This mix of barrier reductions and barrier increases of “free trade” had the unambiguous effect of shifting income from ordinary workers to highly educated workers.
Dean Baker is a Senior Economist at the Center for Economic and Policy Research (CEPR)
Cross-posted from the CEPR Blog
Over the last four decades, administrations of both political parties have pushed trade deals that were designed to redistribute income upward. These deals were routinely referred to as “free trade” deals, implying that they were about eliminating barriers to trade.
This was clearly not true. The trade agreements did remove barriers to trade in manufactured goods, thereby putting downward pressure on the wages of manufacturing workers and workers without college degrees more generally. However, they did little or nothing to remove barriers in highly paid professional services, such as those provided by doctors and dentists. And they increased some barriers, most notably government-granted patent and copyright monopolies.
This mix of barrier reductions and barrier increases had the unambiguous effect of shifting income from ordinary workers to highly educated workers. Stronger patent and copyright protections make people like Bill Gates and workers in the biotech industry rich; they don’t put money in the pockets of retail clerks, truck drivers, and custodians. In fact, patents and copyrights take money out of their pockets since they make them pay more for drugs, medical equipment, software and thousands of other items, thereby reducing their real wages.
It is understandable that the proponents of these trade deals liked to call them “free trade.” After all, that sounds much better than “market rigging” deals. For some bizarre reason the opponents of these trade deals also generally called them “free trade” deals.
Apparently, they felt that it was better politically to attack “free trade” than trade deals that redistribute income upward. That seems close to nuts to me, but hey, I’m an economist, not a political strategist.
Anyhow, with this background in mind, I was very glad to see an NYT piece this morning on the potential risks to the U.S. economy from slower growth in China. Towards the end, the piece discusses the geopolitical implications of a weakening Chinese economy:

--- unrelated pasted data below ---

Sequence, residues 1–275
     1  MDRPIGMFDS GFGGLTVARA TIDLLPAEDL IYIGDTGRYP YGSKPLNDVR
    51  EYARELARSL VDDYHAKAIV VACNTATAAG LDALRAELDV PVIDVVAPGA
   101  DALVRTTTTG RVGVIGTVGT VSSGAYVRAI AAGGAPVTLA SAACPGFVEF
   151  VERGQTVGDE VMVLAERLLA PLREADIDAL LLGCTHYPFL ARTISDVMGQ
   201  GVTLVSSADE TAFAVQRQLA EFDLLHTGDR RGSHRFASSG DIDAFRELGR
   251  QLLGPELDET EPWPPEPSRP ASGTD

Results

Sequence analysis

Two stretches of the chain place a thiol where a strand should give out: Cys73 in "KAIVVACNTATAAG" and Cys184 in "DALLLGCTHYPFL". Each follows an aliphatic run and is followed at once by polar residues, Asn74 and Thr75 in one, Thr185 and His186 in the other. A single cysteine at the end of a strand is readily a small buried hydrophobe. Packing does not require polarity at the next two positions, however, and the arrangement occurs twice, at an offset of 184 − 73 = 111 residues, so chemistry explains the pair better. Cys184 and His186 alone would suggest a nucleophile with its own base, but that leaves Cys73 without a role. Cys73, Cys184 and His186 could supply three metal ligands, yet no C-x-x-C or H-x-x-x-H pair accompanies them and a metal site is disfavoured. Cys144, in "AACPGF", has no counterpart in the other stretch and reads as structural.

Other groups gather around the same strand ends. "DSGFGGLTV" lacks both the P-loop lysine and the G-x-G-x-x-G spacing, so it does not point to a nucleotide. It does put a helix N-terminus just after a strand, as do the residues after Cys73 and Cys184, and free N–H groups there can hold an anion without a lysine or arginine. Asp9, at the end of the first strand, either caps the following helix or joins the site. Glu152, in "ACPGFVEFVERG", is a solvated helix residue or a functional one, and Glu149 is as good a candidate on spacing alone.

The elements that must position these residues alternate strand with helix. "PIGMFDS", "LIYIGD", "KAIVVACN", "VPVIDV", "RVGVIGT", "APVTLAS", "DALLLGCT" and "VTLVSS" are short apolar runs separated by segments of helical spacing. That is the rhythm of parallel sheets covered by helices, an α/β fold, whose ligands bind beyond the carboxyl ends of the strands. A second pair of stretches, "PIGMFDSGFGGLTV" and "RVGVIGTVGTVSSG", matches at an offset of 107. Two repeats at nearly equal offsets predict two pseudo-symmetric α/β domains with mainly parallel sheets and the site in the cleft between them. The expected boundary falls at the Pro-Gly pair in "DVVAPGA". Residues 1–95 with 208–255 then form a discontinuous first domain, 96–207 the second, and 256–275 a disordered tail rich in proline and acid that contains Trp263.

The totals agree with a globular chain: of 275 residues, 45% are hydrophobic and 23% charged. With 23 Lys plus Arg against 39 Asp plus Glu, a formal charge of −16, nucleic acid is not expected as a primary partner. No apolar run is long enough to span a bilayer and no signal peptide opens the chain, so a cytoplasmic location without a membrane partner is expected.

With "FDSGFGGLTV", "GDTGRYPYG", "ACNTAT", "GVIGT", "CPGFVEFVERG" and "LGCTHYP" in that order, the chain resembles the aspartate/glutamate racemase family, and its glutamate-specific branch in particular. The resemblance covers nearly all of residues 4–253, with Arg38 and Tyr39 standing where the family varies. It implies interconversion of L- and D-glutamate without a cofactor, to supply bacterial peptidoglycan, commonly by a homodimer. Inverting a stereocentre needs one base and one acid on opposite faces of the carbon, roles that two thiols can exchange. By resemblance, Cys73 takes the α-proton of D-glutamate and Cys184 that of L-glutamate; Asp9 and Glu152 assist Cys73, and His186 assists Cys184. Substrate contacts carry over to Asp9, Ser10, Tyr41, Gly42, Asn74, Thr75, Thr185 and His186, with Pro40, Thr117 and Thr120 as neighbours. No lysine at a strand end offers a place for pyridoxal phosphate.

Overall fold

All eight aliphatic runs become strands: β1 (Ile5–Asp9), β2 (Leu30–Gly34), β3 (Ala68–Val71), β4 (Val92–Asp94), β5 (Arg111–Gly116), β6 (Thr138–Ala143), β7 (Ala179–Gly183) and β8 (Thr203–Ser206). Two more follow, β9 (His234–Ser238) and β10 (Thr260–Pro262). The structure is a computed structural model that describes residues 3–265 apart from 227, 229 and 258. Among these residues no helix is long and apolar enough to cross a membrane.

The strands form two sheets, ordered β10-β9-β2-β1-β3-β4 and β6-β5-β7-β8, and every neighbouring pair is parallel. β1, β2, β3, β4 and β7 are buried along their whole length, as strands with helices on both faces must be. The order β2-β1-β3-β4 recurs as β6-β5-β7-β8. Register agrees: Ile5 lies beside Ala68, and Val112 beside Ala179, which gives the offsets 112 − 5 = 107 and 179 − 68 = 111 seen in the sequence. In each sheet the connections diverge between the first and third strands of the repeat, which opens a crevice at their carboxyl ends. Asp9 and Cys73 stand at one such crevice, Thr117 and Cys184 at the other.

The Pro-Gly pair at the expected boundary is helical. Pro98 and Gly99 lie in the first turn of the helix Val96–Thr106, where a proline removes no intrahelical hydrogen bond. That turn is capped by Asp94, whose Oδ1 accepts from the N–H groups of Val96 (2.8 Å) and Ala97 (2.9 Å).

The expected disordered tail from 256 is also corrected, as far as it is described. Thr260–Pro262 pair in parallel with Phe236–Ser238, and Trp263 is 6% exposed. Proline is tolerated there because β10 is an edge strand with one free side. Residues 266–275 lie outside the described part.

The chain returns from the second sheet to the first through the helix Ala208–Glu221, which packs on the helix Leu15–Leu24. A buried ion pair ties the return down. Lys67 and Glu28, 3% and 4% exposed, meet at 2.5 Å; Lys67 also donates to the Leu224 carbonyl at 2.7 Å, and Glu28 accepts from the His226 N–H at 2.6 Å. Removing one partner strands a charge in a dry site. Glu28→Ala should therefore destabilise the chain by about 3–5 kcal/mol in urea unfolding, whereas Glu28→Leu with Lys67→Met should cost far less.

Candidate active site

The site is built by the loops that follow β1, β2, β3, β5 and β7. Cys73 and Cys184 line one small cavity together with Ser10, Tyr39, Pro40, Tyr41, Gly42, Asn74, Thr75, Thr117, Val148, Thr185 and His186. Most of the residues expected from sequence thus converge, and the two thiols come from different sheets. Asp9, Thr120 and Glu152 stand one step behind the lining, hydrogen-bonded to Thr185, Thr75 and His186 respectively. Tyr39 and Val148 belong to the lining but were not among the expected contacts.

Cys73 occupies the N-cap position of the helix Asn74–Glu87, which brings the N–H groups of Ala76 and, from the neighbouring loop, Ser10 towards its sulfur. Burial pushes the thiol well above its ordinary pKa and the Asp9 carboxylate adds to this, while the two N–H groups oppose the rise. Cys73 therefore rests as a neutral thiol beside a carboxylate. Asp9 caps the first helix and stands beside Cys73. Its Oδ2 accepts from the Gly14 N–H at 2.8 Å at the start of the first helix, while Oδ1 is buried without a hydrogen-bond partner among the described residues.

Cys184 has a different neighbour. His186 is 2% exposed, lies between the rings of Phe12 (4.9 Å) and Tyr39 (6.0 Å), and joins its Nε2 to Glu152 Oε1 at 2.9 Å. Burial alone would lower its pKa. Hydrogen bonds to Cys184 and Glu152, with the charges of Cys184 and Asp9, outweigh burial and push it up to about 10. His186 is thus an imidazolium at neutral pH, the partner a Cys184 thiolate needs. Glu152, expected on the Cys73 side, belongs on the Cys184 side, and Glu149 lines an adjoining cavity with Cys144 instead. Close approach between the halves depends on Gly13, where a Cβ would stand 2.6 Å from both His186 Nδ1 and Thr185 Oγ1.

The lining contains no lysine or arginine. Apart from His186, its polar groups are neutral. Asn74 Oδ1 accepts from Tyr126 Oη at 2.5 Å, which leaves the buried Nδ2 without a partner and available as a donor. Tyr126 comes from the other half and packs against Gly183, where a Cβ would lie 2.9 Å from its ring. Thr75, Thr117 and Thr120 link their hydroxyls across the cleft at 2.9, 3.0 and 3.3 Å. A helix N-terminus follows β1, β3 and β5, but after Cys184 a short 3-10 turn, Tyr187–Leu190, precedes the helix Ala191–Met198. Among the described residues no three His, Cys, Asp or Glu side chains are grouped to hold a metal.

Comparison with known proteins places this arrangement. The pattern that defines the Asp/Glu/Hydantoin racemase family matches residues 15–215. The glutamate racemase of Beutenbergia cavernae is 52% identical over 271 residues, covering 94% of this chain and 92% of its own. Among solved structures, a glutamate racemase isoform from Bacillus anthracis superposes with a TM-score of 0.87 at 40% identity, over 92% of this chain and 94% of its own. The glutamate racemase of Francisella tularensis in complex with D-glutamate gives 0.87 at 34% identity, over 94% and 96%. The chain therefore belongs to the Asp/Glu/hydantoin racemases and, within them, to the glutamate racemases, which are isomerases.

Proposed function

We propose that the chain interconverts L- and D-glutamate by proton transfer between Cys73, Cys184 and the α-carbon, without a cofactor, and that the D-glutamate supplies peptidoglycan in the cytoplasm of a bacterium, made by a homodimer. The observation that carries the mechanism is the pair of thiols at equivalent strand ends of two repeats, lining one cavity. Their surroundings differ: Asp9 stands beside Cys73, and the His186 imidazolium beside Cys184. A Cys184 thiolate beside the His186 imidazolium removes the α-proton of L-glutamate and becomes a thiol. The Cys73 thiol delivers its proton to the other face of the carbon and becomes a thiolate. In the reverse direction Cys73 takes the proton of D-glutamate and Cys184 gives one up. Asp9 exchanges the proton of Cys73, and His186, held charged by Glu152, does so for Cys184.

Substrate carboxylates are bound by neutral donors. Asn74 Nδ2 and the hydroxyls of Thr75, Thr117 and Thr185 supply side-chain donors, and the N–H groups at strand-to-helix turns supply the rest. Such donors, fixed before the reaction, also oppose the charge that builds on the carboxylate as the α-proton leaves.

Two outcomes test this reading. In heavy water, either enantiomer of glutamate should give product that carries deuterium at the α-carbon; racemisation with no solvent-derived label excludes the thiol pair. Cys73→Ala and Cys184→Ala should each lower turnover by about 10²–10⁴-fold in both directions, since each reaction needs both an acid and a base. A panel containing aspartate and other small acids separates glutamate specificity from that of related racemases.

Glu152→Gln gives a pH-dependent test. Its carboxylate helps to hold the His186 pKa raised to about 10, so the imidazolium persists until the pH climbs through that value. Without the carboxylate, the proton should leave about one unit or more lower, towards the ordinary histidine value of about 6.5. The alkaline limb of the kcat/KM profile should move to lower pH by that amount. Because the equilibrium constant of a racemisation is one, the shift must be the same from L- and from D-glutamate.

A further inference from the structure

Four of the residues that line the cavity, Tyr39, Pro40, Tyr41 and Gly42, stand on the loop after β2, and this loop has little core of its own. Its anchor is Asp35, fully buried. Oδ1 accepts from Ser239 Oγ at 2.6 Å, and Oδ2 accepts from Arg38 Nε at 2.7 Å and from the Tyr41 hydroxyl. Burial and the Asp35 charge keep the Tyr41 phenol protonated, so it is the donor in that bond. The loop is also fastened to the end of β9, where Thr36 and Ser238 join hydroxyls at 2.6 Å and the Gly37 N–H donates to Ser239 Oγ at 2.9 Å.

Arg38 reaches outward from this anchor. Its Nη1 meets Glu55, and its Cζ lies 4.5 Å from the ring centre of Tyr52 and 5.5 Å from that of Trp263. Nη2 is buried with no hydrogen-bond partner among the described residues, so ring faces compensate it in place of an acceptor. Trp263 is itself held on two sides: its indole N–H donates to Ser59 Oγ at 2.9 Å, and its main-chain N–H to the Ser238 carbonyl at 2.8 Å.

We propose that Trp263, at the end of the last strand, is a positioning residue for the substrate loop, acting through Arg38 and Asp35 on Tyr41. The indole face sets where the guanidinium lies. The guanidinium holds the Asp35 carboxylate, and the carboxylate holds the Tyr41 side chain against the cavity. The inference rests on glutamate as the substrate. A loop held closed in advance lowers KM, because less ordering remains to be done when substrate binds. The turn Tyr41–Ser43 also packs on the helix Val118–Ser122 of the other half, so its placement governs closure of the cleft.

Aside from any direct financial and economic spillovers, it’s worthwhile to consider whether a faltering China meaningfully alters geopolitical dynamics and American interests.
Washington has long fretted that a China-dominated trading bloc could limit market access for American companies by setting rules that, for example, contain weak protections for intellectual property. Such a trade agreement came into force in early 2022 after the United States abandoned its push to form the Trans-Pacific Partnership.
Note that the piece very explicitly says that a main purpose of the Trans-Pacific Partnership (TPP) was strong protections for intellectual property claimed by U.S. corporations. This is of course true. The agreement would likely have been finalized at least two years earlier if the United States had not been fighting over rules on data exclusivity for the pharmaceutical industry.
Incredibly, the TPP was often referred to as a free-trade deal, even though it had very little to do with reducing traditional trade barriers. In fact, the United States already had “free-trade” agreements with six of the other eleven countries in the proposed pact and had low tariffs with most of the others. (Vietnam was the exception.)
Anyhow, it is good to see the NYT speaking honestly about the TPP. It was not a free trade deal, it was a commercial agreement that was structured to increase the profits of U.S. corporations.